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Exercising Signature Strengths Is A Key To Sustainability

February 15, 2010 by ·

Sustainability is the buzzword of today’s progressive movements in business and environmentalism. It is the challenge we face of figuring out ways to accomplish our ends without negatively impacting the environment around us. Global warming and political-economic conditions have gotten our attention like a two-by-four upside the head.

We have discovered in dramatic terms how going about our business with parochial, insular perspectives can create havoc in the world around us. And, that, when the world around us is crumbling, our success and well-being become unnervingly temporary.

At last, many of us are realizing that the key to positive futures for ourselves and our loved ones requires a broader perspective that takes into account the well-being of the social and physical contexts in which our lives unfold. Even from a completely selfish perspective, we need to care about the “indirect” effects of our own actions.

While much of the work on sustainability focuses on the effects on the physical environment, positive psychology adds the important dimension of looking at effects on people. Since people drive every machine, project, and business, the sustainability of their positive energy is critical.

Promoting positive affect and an alignment of activities with personal strengths of character, talent, and interest can diminish energy depletion associated with work, and, in some instances, actually produce personal energy. (After performing a task a person can feel more energized than going into the task).

When people reflect on times when they are utilizing their “signature strengths” (typically defined as their top 5 character strengths as measured by the VIA Survey of Character,  they often describe an energizing effect. And, when people deploy their efforts towards aspirational goals instead of simply fixing problems, their energy can often soar even higher. Using strengths to move towards aspirations may be critical in creating sustainable businesses.

Evidence also points to the contagion of positive affect. Happy people are more likely to be surrounded by happy people as friends and even neighbors. To the extent that we bring positive affect into our lives, we bring it to the lives of others as well. And, happy people tend to be healthier and more productive. It has been shown that an important pathway to happiness is the practice of one’s signature strengths of character.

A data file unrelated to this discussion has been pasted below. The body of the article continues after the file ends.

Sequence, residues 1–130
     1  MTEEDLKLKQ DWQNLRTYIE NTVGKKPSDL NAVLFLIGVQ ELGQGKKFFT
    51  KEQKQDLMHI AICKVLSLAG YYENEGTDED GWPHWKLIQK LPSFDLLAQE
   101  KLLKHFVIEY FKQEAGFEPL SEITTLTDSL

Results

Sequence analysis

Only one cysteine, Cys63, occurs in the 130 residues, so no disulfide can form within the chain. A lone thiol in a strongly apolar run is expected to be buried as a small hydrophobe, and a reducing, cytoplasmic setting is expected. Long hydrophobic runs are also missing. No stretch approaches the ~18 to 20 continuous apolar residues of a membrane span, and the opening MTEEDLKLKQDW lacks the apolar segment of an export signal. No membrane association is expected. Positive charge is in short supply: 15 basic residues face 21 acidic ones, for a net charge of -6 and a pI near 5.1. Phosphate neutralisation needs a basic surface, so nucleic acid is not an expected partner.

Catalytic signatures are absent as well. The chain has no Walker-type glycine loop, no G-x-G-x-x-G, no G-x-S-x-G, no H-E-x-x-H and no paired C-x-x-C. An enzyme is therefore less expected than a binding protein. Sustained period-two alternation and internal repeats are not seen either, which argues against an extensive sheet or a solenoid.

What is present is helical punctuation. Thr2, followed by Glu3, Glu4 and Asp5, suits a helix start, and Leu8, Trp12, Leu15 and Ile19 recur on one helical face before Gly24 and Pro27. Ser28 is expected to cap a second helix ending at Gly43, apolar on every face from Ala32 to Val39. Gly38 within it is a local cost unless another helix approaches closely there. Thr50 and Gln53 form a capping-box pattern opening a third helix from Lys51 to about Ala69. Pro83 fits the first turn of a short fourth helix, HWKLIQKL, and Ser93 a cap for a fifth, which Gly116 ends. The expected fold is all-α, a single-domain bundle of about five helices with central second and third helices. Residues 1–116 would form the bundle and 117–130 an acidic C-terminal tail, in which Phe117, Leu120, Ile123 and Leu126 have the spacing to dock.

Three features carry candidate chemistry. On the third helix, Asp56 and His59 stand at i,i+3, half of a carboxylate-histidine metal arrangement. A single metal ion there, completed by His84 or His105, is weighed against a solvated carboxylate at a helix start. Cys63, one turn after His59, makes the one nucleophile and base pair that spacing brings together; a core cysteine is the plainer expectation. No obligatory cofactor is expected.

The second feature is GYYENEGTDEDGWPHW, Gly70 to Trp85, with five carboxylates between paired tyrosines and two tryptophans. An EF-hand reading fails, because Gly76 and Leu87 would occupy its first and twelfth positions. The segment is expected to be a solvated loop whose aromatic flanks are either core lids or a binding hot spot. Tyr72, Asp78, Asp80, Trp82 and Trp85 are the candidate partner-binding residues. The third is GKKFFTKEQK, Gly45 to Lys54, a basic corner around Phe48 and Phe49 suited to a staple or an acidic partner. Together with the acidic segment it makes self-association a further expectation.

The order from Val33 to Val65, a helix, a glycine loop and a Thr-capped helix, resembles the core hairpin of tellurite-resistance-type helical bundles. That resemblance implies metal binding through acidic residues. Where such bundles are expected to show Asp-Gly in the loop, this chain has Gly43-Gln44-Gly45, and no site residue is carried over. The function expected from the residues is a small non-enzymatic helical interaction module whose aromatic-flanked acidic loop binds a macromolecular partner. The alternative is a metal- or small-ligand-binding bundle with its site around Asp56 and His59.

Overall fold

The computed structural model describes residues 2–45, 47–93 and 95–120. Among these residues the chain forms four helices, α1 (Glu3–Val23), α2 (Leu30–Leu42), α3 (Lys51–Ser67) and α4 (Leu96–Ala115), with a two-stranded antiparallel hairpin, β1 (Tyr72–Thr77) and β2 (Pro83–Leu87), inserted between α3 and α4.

David Cooperrider, the founder of Appreciative Inquiry, has framed it well, saying that sustainability has three critical dimensions: capital, technology, and people. Businesses need sustainable capital to keep their doors open. They need sustainable technology, such as deriving energy from wind and the sun. And, they need their people to have sustainable energy. Utilization of each employee’s signature strengths of character is an important source of this sustainable human energy.

Finally, we have unfortunately seen the devastating effects that character weaknesses can have on our world. Some experts point to unchecked greed as one of the core causes of the world’s financial collapse. Character lapses in our politicians have resulted in an apathy and cynicism that brings only a small percentage of eligible voters to the polling booth during most elections. Our future does not bode well if we have leaders disconnected from their constituents. Hope resides in the possibility of creating unity of purpose and alignment of interests and efforts.

There is an upward spiral that positive psychology brings to the world, and I feel it even as I write these thoughts. It is people who can make a difference in this sustainability revolution. Tapping into the vast resource of personal strengths of character is a key to creating sustainable “good lives” for us all.

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